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3 Life Lessons I Learned From Crafting

 Crafting can be a messy time-intensive affair. In the best-case scenario, you end up with a beautiful item you love and are proud of. Worst case scenario, well, I think we all know. Yet, I don’t believe that all the tears and work and time we pour into our project, even if it ends up a craft fail, go without its impact. Whether we refined our skills and learned how to improve our techniques or catch ourselves in old habits with each craft we learn.

Inevitably learning skills and competencies in one area of life will translate to skills and competencies in other life areas. There are many lessons of life I learned through crafting. And though there are many to talk about, I share with you 3 major life lessons I learned through crafting.


1.     Read up on a topic.

Honestly, when was the last time you informed yourself before you started anything? Understandably, some things are more interesting than others. Some things seem easy to do. So, why should we read up on things? Why should we look at the instructions before doing something? Well, the answer is clearly and loudly going through your head right now. We know what happens if you want to assemble the Flatpack while discarding the instructions. It might go well, or quite regularly go all pear-shaped.

More than once, I bought crafting supplies and thought it was easy enough to wing it. Well, I can show you enough proof of mishaps I could have avoided by just informing myself in advance.

Since I started reading up, informing myself and reading instructions, my projects work out the process work smoother, and I am quicker to create freely and be really creative with the technique. It saves me time and patience.


Crafting taught me to read up on things I wanted to learn

2.     Be Patient.

I used to be the kind of person that could not see a project to a finish, wait for the paint to dry or work on details. The result was often messy, mostly a bit lacking and, well, unfinished. I can’t count all the projects that fell apart because I couldn’t leave the glue to dry, the fingerprints on painted boxes and surfaces because I wanted to continue rather than wait for the paint to try.
Over time, I learned to wait. There is nothing more frustrating than an avoidable blemish on a project I like or having to redo everything. While crafting, another inevitable lesson is that certain things just need time and left alone to work out.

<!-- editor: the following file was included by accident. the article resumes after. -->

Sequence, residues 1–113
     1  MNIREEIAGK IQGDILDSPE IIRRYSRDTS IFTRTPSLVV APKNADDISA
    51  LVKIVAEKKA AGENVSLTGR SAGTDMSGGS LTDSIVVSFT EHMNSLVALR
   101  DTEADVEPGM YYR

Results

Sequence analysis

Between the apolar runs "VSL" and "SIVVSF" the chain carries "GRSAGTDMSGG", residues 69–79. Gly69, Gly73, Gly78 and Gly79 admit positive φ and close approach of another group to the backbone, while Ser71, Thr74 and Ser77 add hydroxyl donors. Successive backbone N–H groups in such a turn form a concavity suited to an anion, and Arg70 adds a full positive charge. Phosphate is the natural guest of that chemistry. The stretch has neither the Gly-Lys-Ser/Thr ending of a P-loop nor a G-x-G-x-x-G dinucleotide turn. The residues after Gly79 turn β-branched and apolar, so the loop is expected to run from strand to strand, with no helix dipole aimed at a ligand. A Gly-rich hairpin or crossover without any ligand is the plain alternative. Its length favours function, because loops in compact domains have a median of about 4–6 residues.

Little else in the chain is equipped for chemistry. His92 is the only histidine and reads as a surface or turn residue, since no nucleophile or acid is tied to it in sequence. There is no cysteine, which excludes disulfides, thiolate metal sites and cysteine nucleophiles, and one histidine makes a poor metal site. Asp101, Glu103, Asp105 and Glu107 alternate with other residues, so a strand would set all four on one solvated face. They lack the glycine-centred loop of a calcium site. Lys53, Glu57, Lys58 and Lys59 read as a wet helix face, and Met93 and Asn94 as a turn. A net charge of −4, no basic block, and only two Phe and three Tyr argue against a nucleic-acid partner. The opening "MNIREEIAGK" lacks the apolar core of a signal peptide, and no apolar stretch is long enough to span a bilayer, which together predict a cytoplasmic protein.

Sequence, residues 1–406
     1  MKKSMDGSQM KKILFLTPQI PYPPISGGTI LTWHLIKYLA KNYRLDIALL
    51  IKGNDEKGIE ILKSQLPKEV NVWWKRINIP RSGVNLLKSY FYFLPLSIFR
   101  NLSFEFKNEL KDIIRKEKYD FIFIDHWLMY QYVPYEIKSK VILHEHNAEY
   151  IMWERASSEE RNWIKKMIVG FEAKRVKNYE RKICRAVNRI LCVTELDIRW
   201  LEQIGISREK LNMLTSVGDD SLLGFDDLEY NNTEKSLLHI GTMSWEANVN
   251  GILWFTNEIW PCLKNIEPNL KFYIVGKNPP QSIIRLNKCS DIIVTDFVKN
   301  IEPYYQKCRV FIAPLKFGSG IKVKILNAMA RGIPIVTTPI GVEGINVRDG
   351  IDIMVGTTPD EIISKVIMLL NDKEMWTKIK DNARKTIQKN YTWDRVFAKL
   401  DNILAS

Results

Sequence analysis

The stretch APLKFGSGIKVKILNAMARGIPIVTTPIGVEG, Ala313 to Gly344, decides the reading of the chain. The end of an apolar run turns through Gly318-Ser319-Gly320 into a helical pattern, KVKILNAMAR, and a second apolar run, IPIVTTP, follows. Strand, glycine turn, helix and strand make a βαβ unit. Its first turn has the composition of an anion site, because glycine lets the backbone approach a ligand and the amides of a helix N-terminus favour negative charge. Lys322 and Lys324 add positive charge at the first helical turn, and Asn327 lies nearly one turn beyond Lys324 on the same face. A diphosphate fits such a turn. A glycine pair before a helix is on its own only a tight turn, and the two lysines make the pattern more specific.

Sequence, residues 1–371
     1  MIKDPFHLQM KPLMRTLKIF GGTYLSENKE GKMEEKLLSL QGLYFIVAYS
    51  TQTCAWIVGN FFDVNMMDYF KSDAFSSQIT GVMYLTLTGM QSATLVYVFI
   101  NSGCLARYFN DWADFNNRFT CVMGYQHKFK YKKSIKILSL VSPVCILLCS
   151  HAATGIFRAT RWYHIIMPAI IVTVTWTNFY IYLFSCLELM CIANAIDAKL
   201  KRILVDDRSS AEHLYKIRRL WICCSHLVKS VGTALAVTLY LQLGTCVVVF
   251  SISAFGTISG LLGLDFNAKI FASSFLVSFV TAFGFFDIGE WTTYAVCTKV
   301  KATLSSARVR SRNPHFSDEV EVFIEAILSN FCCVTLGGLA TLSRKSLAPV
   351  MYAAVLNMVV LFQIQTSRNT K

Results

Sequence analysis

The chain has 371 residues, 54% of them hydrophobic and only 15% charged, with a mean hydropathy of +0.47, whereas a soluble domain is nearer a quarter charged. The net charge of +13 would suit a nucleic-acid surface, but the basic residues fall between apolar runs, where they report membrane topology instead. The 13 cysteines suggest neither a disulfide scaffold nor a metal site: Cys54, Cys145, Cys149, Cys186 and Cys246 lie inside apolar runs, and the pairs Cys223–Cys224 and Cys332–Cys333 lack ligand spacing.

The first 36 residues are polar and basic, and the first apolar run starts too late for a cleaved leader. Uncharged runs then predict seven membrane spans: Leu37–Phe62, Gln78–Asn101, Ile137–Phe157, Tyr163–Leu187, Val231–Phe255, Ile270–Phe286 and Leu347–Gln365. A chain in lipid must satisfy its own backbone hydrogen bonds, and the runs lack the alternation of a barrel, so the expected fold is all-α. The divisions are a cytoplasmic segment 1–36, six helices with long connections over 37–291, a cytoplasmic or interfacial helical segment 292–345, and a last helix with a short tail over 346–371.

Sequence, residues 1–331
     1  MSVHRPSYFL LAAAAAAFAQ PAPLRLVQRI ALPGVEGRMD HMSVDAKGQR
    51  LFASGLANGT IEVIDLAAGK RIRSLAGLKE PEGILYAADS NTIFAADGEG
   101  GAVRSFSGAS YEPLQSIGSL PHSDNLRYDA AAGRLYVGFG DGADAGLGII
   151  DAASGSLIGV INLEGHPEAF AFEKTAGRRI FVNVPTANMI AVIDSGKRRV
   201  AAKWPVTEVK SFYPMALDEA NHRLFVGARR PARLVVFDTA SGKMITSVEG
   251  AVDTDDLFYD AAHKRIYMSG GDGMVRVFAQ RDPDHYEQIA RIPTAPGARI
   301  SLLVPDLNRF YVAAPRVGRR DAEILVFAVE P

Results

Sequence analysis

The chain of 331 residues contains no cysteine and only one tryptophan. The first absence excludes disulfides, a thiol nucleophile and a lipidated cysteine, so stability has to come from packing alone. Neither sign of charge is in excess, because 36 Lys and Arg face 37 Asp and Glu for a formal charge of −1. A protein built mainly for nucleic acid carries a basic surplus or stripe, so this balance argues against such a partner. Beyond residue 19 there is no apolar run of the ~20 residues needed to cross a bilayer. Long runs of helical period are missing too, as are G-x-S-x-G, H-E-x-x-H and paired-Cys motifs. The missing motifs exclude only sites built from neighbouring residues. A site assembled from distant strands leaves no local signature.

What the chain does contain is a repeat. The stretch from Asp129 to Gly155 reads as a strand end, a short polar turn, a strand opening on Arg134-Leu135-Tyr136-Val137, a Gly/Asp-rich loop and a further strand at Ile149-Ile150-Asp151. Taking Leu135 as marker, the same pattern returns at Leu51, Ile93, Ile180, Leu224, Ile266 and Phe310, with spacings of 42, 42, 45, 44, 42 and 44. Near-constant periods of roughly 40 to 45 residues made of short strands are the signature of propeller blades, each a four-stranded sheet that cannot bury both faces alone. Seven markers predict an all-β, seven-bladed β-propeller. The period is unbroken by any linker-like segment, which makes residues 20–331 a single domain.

While there is a need to check the progress at times for some things, we need to put our impatience aside and wait for some things to finish the process on their own. Constant checking, readjusting and fiddling around won’t hasten the process but for sure will leave a mark on your project. And then, a watched tea cattle never boils. So, I learned to put away some of my projects overnight and continue working on them when the time is right.


Picture of a failed attempt to cut glass bottles wiithout a saw

3.      Never give up.

Some crafts can be incredibly frustrating to learn. For me, it has always been crochet. I remember my mum desperate to teach me when I was about eight years old and how bored I was at the sheer never-ending strings of single stitches, which my mum always judged to be irregular and thus not good enough to start on perhaps easy but more interesting projects (We had the same drama with embroidery and cross-stitch). What has changed now? My crochet work has by no means improved in its quality. (Ok, maybe a little.) In fact, my granny recently inspected a scarf I am working on and did not even need a second to see some mistakes in my pattern. Still, I will see this scarf through because I am getting better with every new row, and my technique improves, and I am gaining confidence in the skill I learned. I do not deny myself to advance and progress because my rows are not perfect. I am starting, and I don’t need to be perfect.

So whatever project and craft I start next, I know it does not need to be perfect. Practise makes perfect, and I just need to start.

What crafting mistakes have you made? Do any of the lessons sound familiar to you?

I am looking forward to reading your comments.

If you craft  yourself, do not forget your creation on Instagram with the hashtag #craftjournaler

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Until I see you next time remember: Keep colourful and craft more :-)